Since 2015, I’ve been a member of the United States Naval Sea Cadets, which is without a doubt the best division to be a part of in my eyes. So, when people ask me how it has changed my life, I tell them how it has transformed my life. I’d like to pose a new question: how has it not changed my life? The days I walked through the doors at base will stay with me for the rest of my life. A vulnerable 11-year-old who had no idea she was about to go on an adventure that would transform her into the woman she is today. After all these years, I remember the first face I was met with being someone I regard to be my second family. I was terrified since I had never been a part of a program like the sea cadets or done anything else outside of school. She immediately made me feel at ease and made me even more enthusiastic to be a member of the xxx Division. You see, I was young and immature, unsure of what I wanted to do with my life. People like Mrs. xxx and the entire xx division, on the other hand, rapidly assisted me in discovering my vocation. Which meant not only leading but leading with the goal of assisting people to the best of my ability. I came into this division having trouble advocating for myself, staying in shape, and figuring out who I was.
Drill was held every Saturday morning at an early 7 a.m. Those early morning wakeups, however, were well worth it.
When I didn’t want to keep pushing, I remember some of the people who did. They showed me that just because something is difficult, it doesn’t mean it can’t be done. All it takes is a bit more effort on your part to push back. Xyz family all encouraged me and taught me to enjoy the challenge when I was struggling. To have a desire for it because even the most powerful people struggled and likely wanted to give up at some point. But did they? No. They were the ones who pushed themselves harder got back up faster and pushed their minds to new heights they didn’t realize were possible. And they all made me exactly that person just described. I could never have envisioned myself as such a person. However, here I am. Helping other cadets in the same way that I was aided. Not because of any merit, but because I enjoy assisting others. I’m not interested in the shiny medals or applause. Every day, I want to be able to return home knowing that I helped someone who was struggling. It gives me satisfaction to know that I have contributed to the confidence of the cadets under my command, just as the many leaders who molded me into one did for me.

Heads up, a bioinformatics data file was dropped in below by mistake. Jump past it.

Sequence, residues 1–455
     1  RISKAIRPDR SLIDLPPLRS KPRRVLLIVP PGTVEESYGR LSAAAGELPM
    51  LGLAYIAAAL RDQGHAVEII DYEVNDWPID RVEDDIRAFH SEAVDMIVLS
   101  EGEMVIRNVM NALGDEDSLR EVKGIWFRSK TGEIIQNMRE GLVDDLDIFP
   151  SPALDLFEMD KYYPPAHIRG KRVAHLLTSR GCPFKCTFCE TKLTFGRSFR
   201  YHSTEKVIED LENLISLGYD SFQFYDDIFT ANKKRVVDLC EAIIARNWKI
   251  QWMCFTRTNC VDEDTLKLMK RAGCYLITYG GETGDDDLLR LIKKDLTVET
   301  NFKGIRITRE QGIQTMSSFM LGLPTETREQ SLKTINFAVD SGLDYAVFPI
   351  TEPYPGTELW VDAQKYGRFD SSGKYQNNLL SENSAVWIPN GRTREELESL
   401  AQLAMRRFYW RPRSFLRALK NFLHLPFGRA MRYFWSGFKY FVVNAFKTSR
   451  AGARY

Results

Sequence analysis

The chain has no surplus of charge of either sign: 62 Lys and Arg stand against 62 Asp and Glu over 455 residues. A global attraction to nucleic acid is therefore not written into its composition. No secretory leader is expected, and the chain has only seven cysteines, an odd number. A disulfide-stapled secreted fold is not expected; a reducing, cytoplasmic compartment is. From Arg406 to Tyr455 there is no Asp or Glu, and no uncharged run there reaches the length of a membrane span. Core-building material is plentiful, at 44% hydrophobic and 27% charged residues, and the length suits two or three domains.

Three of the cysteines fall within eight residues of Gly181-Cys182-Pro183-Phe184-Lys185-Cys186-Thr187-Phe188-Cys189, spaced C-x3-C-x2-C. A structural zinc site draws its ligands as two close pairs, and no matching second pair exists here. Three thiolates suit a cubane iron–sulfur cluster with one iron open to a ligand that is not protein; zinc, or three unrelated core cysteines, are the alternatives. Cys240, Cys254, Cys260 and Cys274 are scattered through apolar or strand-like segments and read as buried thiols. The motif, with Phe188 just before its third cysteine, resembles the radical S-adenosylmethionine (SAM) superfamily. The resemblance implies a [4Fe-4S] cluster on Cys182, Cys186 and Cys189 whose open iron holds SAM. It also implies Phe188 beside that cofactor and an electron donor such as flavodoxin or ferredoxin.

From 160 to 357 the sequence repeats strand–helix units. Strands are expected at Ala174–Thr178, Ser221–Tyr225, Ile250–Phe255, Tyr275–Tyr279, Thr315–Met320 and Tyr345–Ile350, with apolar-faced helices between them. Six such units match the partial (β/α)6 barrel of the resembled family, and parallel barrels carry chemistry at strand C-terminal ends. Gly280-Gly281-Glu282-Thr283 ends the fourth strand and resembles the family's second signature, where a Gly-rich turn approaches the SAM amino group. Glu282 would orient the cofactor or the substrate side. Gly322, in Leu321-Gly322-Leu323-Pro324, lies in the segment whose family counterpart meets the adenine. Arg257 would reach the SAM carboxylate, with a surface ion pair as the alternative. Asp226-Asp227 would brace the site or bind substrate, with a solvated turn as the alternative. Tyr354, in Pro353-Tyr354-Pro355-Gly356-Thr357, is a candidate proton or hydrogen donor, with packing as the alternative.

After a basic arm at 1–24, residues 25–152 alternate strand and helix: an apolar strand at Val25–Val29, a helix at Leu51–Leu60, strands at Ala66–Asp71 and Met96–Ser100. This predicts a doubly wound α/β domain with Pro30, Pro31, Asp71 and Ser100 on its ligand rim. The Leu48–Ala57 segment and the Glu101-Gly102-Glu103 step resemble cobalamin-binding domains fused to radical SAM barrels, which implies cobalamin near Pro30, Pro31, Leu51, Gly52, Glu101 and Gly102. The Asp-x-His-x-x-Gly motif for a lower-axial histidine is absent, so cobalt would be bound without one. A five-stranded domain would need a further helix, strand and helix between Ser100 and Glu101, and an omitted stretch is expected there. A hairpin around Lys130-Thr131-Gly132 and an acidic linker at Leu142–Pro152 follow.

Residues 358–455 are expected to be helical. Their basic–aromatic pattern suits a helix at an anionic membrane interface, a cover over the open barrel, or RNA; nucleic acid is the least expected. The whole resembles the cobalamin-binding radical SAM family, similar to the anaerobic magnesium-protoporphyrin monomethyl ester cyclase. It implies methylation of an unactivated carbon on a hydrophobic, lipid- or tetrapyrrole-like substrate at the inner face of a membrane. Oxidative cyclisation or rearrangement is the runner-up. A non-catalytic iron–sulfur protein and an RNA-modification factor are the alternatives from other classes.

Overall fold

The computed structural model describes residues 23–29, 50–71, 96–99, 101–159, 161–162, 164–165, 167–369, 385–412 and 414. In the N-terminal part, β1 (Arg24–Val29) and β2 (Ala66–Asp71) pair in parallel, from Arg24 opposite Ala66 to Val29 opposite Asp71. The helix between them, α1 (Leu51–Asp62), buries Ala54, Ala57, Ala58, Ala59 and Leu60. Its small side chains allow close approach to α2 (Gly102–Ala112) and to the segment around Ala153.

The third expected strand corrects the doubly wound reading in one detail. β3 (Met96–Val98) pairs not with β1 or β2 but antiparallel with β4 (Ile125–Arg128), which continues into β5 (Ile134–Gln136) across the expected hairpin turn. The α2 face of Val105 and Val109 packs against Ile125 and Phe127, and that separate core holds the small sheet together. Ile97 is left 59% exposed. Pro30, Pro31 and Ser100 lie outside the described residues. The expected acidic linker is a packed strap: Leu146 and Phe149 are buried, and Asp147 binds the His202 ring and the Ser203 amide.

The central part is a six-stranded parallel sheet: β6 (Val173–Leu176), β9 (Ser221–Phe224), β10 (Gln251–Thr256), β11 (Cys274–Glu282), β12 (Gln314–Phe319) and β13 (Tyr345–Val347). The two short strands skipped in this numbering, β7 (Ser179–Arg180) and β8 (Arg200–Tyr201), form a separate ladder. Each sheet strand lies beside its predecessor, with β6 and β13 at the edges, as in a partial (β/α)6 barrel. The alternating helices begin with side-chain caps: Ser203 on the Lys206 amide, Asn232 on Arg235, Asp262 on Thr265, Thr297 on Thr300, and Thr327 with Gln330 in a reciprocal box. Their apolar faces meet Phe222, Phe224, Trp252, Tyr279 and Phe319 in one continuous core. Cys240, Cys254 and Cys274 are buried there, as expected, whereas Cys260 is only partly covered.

If I had to sum up how sea cadets have influenced my life, I’d say humility. You see, I’ve never been the kind to sit here and start rubbing it in the other teams' faces or gloating about how awesome I am after any tiny accomplishment, such as winning an event at flagships.
I have always in my heart preferred being a humble person. Using what I know to help people not telling them what they should know. Because we all started with very little experience. That does not make you less than others, nor does it make those who do know better than you. It only allows that other person the opportunity to mentor that other person, not to boast but to use the difference in skill as a chance to teach. Who benefits from boasting, after all? Nobody. At my recruit training, a cadet staff member told us all a quote that I will never forget. Because that perfectly encapsulates what I’ve learned from sea cadets about what a leader embodies when it comes to humbleness and humility.